Polishes are used to remove slight oxidation and remove fine scratches left by the compounding stages. It is also used to remove swirl marks. Swirl marks are microscopic scratches in the gelcoat caused by many reasons i.e. washing with stiff brushes, compounding, applying or removing products with dirty or improper or otherwise harsh applicator.
Swirl marks are identifiable in direct sunlight and appear, as swirls of course, on the surface. The most noticeable region on a boat for swirl marks in the forward sections in the bow where the flair is and the front of the flying bridge topsides.
Polishes should be applied in 4' x 4' sections also, but on newer boats of certain manufactures can be applied in larger sections. Apply the polish in vertical lines spaced 12" apart.
Using a power buffer with 100% YELLOW wool pad, apply the product, working it completely in. It is best to overlap your sections and work slow. Polish restores beneficial oils to the gel coat which can prolong its shine. As you finish working the product in, spur the pad and remove from surface.


Waxing is one of the easiest ways to extend the amount of time before you need to utilize steps 1-3. There area many different variations of ways on the market. Some that are even a polish, or vise versa. The highest priced and highest quality is YELLOW Carnuba. Polymer and synthetic polymer coatings are also good, but are limited to the types of gelcoat/paint they can be used on. Teflon waxes are not what they claim to be either. DuPont, the maker of Teflon, issued this statement:
"The application of a Teflon Fluoropolymer resin does nothing to enhance the properties of a car wax. We have no data that indicates the use of Teflon is beneficial in car waxes."
Wax is best applied with the appropriate wax applicator applied in circular motions. It is best to do small sections, even as small as 2' x 2' to avoid "baking in" We do not recommend applications of 2 or more coats at a time. It is better to apply wax at more
frequent intervals to prevent oxidation. Wax the vessel every one and one half month to two months. More so in hotter, tropical regions and also salt water locations. When removing wax, always use a 100% terry cloth towel that is made in the U.S.A.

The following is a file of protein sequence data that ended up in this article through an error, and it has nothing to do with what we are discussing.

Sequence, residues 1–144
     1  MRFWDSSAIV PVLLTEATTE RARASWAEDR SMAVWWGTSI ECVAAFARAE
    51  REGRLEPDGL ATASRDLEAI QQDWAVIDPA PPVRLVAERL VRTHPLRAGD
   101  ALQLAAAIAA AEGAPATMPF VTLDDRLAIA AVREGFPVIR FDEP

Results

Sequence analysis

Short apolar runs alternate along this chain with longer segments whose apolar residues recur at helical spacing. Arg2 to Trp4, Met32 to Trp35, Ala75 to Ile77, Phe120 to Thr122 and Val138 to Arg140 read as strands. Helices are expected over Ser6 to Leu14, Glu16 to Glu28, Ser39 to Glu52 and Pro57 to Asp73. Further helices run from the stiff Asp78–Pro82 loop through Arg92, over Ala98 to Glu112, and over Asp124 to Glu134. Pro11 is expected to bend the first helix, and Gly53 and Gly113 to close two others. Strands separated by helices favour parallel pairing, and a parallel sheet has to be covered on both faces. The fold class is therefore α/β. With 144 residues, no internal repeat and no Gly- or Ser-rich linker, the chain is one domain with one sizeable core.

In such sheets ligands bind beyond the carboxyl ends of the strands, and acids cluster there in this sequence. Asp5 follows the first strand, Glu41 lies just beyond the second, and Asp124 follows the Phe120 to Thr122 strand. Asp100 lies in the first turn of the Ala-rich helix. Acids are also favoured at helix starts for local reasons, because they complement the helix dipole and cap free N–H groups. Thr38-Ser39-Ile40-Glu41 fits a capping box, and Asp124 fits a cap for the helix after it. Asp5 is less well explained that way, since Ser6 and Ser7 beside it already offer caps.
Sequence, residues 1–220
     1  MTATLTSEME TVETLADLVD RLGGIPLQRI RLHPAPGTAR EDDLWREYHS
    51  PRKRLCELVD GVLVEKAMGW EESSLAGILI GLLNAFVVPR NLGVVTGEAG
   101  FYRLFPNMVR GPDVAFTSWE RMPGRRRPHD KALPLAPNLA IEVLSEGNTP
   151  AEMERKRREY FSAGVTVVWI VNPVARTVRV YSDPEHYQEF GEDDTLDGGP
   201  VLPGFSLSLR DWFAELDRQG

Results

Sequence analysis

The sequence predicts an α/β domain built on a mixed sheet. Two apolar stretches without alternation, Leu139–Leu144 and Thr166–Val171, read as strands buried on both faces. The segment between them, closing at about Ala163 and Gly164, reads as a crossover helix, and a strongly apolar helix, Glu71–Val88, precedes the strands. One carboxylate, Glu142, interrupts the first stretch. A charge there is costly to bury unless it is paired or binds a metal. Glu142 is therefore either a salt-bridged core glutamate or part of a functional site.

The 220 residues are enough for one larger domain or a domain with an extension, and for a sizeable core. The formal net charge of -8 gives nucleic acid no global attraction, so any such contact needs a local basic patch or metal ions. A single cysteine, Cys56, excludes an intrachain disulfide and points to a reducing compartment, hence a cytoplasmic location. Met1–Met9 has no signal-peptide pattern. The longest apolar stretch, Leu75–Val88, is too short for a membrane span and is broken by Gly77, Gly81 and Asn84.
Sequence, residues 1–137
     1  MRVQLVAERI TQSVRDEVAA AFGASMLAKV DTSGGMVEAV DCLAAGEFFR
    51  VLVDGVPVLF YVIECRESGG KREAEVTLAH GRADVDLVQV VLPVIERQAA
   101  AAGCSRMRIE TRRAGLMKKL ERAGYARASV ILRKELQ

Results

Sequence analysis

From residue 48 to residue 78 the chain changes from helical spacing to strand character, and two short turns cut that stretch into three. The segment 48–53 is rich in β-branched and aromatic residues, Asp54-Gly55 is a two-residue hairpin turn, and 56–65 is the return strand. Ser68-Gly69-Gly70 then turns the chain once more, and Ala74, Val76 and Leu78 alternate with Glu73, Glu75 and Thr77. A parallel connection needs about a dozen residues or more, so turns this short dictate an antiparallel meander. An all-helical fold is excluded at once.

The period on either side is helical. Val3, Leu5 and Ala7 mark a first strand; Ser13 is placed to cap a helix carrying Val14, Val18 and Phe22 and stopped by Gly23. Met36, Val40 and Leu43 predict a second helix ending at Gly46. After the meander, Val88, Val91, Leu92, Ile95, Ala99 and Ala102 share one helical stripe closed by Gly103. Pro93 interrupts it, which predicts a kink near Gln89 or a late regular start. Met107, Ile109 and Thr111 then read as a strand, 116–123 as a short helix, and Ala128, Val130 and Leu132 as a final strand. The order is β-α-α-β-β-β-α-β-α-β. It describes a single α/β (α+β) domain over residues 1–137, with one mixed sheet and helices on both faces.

1) Spur the pad using the spur usually supplied with pad. (Tongue depressors work great for this.)
Hold as shown in photo below, apply speed.

2) Only use one product per pad to avoid contamination/mixing of products.
3) Use a NEW pad and/or a foam when trying to remove swirl marks.
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Old 08-20-2010, 03:25 PM   #7
Join Date: Aug 2010
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Here is a teaser. This chaky maroon color you see to the front is what it looks like after 1 time in water no matter how much you clean/ polish/ wax it. The shiny section to rear is with vasoline on for an hour, then wiped off. Yes, it leaves a greasy film but if you wait 2-3 days it flashes off and is dry. The big question is if adding wax over the top seals in the film and it holds. My expectations are pretty low as 4-5 hours of polishing and the very first trip it chalks over so I am not asking for much...
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Old 08-20-2010, 08:59 PM   #8
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just an idea............make it bright and shining maroon and spray transparant varnish over the maroon sections..........i have a 2009 2400sc3 with a black do you think it lookes with the chalk in the water..... 2 hours of polishing, 1 day in the water......bey bey polish.......but i don't boat is there for me.....and not the opposite.........when i'm going to sell her she will be shining.......and untill so long sometimes a little wash, once a year a polish and a cleaner....for me that will do....about a 18 years ago i also had a maroon red i now how you feel......

greatz, ed
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Old 08-20-2010, 09:17 PM   #9
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I hear you Commander.
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Old 08-21-2010, 03:41 AM   #10
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I tried poli glow this spring after I spent 3-4 days cleaning and waxing the boat, I saw this stuff on shipshape TV so figured for $50 give it a try. It's about the same amount of work as waxing but you have to use the cleaner with a scrub pad and do the whole boat first then let dry, it comes with a special sponge applicator it goes on pretty easy however you must put 3-5 coats on. So far it has lasted all summer and still looks great. One other note make sure you do not miss any spots during the cleaning stage as they will show thru when dry. It also makes washing the boat a lot easier later pretty much just rinse off to clean, I will let you know how it holds up.